The other shamanic feature beside that of flying is invisibility. It is the person who is not being seen who is himself/herself the seer. The technique of observation-participation by the sociologist is a form of seeing/observing while not being himself/herself observed. This is our means of gathering data without influencing or distorting the data in the process of gathering it. We become the audience, and like more and more of us in general who sit in the darkened social galleries - or hidden on the receiving end of the t.v. screen - we have become invisible witnesses.

So one possibility concerning contemporary society is that we are becoming a shamanic society - a society of shamans or at least a society in which a greater proportion of us are replicating something akin to traditional shamanic positions or attitudes. This is the positive appraisal. The converse is that we are becoming more schizophrenic and/or depersonalized as we lose our sense of community and locality. But even if this is so, the human entity is among the most innovative, resourceful, flexible and adjustable of species. We have ways of developing new spiritual connections with our immediate locality or, conversely, the impetus toward developing an expanded or even global sense of locality: the earth as a global village for instance. And likewise, we have not only the impetus but the technological means to develop new forms of community. The various discussion lists on the Internet may be seen as ex post facto efforts to form a virtual community.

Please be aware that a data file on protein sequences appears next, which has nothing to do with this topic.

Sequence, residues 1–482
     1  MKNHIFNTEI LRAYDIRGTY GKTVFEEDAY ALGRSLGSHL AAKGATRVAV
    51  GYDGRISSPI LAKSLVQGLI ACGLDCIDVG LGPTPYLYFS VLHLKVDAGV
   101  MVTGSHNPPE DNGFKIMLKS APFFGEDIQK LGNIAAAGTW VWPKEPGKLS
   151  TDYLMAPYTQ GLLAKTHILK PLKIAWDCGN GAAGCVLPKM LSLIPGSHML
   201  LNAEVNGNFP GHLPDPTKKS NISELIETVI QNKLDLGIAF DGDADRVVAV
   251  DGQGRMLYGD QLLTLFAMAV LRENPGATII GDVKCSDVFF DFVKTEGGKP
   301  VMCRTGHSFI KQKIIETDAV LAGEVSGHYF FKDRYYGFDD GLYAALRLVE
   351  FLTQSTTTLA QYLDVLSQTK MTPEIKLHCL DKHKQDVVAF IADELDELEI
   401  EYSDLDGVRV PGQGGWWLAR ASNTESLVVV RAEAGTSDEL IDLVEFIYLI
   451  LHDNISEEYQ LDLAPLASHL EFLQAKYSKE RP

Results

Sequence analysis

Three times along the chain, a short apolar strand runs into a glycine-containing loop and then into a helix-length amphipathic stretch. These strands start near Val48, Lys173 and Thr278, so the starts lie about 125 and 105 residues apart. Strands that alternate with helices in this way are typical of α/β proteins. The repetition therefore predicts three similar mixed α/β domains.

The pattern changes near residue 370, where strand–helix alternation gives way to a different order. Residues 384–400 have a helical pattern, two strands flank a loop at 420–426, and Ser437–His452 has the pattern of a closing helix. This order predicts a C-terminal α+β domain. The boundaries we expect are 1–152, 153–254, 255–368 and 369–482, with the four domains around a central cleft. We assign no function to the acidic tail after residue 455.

When I conducted my research into the New Age and Neo-pagan movements during the late 1980s, one question I had wished to address at the time was the applicability of church-sect typologizing to such amorphous new religious developments. The conclusion eventually reached was that, while the denomination, cult and sect might be ideal-types which could be applied to various groups which came under the New Age and Neo-pagan banners, these sociological constructs are not useful for analyzing the phenomena as a whole. Instead, I found Luther Gerlach and Virgina Hine’s concept of the segmented, polycentric, integrated network or SPIN more pertinent to the many-headed, membership listlessness, perpetually shifting sociological coalescements and patterns of ingress-egress within the cultic milieu.